I said in a previous post, why spend the money and the manpower digging up the desert to prove a point? Focus on what is important, getting Iraq in a position to manage and defend their own country.shuamort said:That if there were proof that there were WMDs to begin with, the administration would still be looking for them.
No, you're failing to realize that there is no need to announce a date to withdraw our troops.It serves no purpose.shuamort said:And what decides that? How does one get to a complete job? Those two points are the crux of an exit strategy.
Let's say there are Al Qaeda terrorists hanging out in Iraq. Hard to imagine I know, since most of them came from Saudi Arabia, but bear with me here. Now, let's say that Bush was correct when he stated that Iraq did have WMDs and were also capable of developing more. Enjoying those leaps of logic and fact, let's say Al Qaeda find these WMDs and use them. Wouldn't that be a shame?GottaHurt said:I said in a previous post, why spend the money and the manpower digging up the desert to prove a point? Focus on what is important, getting Iraq in a position to manage and defend their own country.
There are many reasons. One would be cost control and budgetary. A second would be to assure the muslims that a country they consider to be heretical would be getting out of the land. Then there's also the fact that Bush has previously announced an exit strategy.GottaHurt said:No, you're failing to realize that there is no need to announce a date to withdraw our troops.It serves no purpose.
Let's see.President Bush National Address said:Our strategy in Iraq has three objectives: destroying the terrorists, enlisting the support of other nations for a free Iraq and helping Iraqis assume responsibility for their own defense and their own future.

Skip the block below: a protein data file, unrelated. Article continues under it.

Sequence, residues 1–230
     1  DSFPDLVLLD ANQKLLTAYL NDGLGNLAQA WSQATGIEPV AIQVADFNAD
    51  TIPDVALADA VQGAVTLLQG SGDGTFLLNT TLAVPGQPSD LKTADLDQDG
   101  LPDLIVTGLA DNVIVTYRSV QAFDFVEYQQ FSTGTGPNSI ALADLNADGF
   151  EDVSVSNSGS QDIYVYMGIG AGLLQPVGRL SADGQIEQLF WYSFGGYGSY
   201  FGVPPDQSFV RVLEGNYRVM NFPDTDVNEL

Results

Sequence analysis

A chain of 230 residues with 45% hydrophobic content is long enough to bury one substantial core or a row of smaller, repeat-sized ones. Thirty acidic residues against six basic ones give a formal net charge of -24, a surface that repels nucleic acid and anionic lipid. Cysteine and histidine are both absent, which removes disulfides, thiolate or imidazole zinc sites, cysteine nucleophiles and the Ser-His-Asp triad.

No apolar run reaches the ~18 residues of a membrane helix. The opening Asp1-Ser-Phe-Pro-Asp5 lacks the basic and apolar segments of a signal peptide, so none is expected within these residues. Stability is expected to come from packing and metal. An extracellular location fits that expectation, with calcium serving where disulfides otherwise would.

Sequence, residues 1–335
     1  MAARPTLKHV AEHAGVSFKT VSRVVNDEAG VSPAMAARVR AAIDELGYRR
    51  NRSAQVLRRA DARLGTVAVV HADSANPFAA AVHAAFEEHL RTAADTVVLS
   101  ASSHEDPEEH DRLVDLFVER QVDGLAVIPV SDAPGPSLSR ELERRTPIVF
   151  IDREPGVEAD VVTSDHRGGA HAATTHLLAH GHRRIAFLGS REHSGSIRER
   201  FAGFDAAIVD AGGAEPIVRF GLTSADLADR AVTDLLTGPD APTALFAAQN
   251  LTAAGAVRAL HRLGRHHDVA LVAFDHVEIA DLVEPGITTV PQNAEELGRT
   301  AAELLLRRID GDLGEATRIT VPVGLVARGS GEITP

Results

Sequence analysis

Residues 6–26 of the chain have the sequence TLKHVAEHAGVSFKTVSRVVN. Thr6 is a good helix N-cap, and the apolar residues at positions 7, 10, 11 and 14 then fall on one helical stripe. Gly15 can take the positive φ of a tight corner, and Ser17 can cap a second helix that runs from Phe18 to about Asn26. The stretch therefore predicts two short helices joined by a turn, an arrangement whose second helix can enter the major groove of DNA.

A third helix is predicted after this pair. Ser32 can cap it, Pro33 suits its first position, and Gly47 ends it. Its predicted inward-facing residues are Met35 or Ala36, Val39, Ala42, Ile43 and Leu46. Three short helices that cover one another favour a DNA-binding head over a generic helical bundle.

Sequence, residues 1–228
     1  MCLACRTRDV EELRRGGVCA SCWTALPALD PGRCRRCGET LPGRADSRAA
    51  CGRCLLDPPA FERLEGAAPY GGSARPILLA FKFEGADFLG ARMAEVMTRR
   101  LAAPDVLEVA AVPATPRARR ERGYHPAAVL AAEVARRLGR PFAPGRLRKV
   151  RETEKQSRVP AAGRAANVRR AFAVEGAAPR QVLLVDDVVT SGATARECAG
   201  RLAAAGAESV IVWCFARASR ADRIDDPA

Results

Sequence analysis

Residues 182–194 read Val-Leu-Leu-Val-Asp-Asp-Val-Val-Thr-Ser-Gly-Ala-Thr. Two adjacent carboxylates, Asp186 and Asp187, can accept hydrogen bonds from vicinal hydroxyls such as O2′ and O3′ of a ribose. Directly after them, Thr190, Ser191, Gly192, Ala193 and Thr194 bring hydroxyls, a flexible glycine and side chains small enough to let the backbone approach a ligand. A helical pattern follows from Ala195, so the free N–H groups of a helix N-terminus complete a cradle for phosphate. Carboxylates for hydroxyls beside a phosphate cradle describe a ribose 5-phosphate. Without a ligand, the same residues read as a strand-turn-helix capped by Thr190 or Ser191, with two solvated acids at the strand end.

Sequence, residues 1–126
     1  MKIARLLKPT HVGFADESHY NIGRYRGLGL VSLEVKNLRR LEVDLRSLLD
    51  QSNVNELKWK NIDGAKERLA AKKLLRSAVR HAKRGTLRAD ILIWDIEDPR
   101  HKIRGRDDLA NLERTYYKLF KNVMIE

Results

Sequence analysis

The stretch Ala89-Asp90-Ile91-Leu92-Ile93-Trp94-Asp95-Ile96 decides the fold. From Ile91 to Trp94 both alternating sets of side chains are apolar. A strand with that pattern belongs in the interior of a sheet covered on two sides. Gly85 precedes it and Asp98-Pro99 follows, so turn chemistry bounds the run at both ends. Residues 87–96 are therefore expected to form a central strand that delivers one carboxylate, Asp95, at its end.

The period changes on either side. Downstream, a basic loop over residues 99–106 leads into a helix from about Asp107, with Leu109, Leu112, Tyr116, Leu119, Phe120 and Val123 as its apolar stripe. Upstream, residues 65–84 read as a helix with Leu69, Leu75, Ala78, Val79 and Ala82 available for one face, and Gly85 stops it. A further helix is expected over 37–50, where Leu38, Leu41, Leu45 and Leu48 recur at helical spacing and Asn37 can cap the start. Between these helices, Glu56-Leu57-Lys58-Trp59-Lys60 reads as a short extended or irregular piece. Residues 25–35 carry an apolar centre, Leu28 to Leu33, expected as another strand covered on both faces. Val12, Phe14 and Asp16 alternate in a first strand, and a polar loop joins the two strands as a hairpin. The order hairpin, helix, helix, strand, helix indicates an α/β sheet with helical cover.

First, we are taking direct action against the terrorists in the Iraqi theater, which is the surest way to prevent future attacks on coalition forces and the Iraqi people. We are staying on the offensive, with a series of precise strikes against enemy targets increasingly guided by intelligence given to us by Iraqi citizens.
Since the end of major combat operations, we have conducted raids seizing many caches of enemy weapons and massive amounts of ammunition, and we have captured or killed hundreds of Saddam loyalists and terrorists. So far, of the 55 most wanted former Iraqi leaders, 42 are dead or in custody. We are sending a clear message: anyone who seeks to harm our soldiers can know that our soldiers are hunting for them.
Second, we are committed to expanding international cooperation in the reconstruction and security of Iraq, just as we are in Afghanistan. Our military commanders in Iraq advise me that the current number of American troops -- nearly 130,000 -- is appropriate to their mission. They are joined by over 20,000 service members from 29 other countries. Two multinational divisions, led by the British and the Poles, are serving alongside our forces -- and in order to share the burden more broadly, our commanders have requested a third multinational division to serve in Iraq.
Some countries have requested an explicit authorization of the United Nations Security Council before committing troops to Iraq. I have directed Secretary of State Colin Powell to introduce a new Security Council resolution, which would authorize the creation of a multinational force in Iraq, to be led by America.